An important development in the study of computational complexity has been increased role of analytic methods. Fourier analysis has become an essential tool of the field, playing a critical role in the study of interactive proofs, the computational hardness of approximation problems, and the learnability of Boolean functions. The notion of Gowers uniformity (which was introduced by Gowers to give an analytic proof of Szemeredi's theorem on arithmetic progressions, and whose use can be viewed as "generalized Fourier analysis") has also been recently employed in the context of Probabilistically Checkable Proofs and hardness of approximation. A new paradigm in computational complexity is beginning to emerge, which involves reducing high dimensional discrete problems that arise in the study of Boolean functions to high dimensional continuous problems and then applying analytic methods to the resulting continuous problems.I started graduate work in complexity right before the algebraic revolution that drove Razborov-Smolensky's circuit lower bounds, Toda's Theorem on the power of the permanent, the power of interactive and probabilistically checkable proofs and much more. But now, two decades later, algebraic techniques are producing diminishing returns and we have seen a growth in using real analysis in complexity as highlighted by this workshop. Avi Wigderson is giving a two-hour survey on "The Power of Partial Derivatives." Hard to have imagined a connection between partial derivatives and complexity.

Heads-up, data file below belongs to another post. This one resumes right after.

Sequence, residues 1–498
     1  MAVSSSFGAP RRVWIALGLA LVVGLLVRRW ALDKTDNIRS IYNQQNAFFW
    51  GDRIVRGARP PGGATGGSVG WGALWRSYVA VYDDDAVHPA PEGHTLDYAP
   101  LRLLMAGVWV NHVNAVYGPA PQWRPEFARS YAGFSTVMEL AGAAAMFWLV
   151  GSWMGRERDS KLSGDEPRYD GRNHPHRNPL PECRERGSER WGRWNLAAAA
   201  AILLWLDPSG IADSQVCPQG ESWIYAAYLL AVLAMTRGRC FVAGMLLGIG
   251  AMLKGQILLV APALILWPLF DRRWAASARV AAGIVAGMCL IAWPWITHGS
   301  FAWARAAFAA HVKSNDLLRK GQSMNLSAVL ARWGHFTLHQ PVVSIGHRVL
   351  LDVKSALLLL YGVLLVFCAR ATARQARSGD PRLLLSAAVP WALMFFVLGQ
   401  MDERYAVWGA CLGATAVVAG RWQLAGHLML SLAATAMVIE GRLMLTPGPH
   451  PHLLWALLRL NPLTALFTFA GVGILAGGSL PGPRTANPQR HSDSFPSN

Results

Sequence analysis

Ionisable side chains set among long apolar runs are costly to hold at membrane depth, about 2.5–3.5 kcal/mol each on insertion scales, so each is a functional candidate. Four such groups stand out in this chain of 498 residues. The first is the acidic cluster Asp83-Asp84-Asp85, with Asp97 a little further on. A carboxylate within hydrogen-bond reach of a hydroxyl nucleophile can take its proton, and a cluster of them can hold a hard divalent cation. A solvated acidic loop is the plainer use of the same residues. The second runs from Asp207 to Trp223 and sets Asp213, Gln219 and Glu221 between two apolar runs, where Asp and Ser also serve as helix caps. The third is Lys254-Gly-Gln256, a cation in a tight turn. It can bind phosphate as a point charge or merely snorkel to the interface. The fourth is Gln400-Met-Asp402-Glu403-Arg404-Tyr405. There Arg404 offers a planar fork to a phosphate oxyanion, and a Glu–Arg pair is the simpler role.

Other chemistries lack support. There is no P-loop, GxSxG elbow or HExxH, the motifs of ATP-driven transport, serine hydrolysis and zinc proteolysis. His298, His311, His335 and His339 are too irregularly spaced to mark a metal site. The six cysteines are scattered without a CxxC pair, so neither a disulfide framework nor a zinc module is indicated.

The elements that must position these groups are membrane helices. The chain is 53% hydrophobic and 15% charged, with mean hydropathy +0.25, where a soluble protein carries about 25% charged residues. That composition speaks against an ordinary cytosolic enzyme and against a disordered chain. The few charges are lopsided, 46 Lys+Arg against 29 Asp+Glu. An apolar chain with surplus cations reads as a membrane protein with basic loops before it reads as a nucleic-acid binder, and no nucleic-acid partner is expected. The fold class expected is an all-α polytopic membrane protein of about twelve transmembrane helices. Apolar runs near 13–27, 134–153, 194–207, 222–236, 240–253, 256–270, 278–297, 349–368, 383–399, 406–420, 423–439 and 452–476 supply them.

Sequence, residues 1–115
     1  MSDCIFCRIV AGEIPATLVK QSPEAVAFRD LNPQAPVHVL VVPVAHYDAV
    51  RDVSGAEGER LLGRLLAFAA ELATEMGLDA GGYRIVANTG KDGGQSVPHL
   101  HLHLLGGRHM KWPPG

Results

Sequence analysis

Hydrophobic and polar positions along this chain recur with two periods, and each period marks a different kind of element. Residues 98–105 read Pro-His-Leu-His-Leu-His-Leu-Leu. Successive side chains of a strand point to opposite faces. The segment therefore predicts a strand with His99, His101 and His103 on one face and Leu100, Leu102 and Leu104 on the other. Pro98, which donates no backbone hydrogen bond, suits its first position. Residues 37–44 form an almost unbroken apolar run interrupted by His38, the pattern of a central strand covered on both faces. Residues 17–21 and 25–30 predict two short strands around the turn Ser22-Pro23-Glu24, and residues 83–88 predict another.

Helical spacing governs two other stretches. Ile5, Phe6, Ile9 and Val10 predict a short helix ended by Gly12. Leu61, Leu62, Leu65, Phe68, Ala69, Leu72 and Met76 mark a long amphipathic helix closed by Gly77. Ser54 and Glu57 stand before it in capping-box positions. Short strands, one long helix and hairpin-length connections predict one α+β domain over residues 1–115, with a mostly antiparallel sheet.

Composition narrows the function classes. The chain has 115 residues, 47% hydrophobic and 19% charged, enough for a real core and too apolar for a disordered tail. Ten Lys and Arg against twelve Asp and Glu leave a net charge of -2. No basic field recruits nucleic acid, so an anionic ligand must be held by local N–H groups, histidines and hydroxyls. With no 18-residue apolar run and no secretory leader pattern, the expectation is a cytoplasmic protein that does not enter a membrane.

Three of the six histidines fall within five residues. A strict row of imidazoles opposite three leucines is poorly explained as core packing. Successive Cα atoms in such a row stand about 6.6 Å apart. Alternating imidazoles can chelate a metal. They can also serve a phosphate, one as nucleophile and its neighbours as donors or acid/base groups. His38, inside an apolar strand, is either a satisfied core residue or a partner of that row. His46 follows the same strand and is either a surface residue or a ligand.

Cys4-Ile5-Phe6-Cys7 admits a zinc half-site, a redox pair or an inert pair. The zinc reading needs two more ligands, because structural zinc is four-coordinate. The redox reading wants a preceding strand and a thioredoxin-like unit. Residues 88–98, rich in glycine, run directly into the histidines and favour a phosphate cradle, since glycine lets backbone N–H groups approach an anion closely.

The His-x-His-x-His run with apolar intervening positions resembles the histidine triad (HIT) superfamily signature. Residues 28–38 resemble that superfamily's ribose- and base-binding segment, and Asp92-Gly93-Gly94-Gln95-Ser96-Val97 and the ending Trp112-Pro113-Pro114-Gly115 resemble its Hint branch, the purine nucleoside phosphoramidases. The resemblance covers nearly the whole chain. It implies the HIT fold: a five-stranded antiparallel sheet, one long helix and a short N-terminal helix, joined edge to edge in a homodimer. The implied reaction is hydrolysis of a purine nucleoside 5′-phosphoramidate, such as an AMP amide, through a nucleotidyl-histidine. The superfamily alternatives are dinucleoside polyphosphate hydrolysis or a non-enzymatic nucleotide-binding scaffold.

What about those of us who went into computational complexity because we enjoyed discrete math? Should an old dog like me try to learn new tricks? Ah, the challenge of keeping up with a field that moves in mysterious new ways.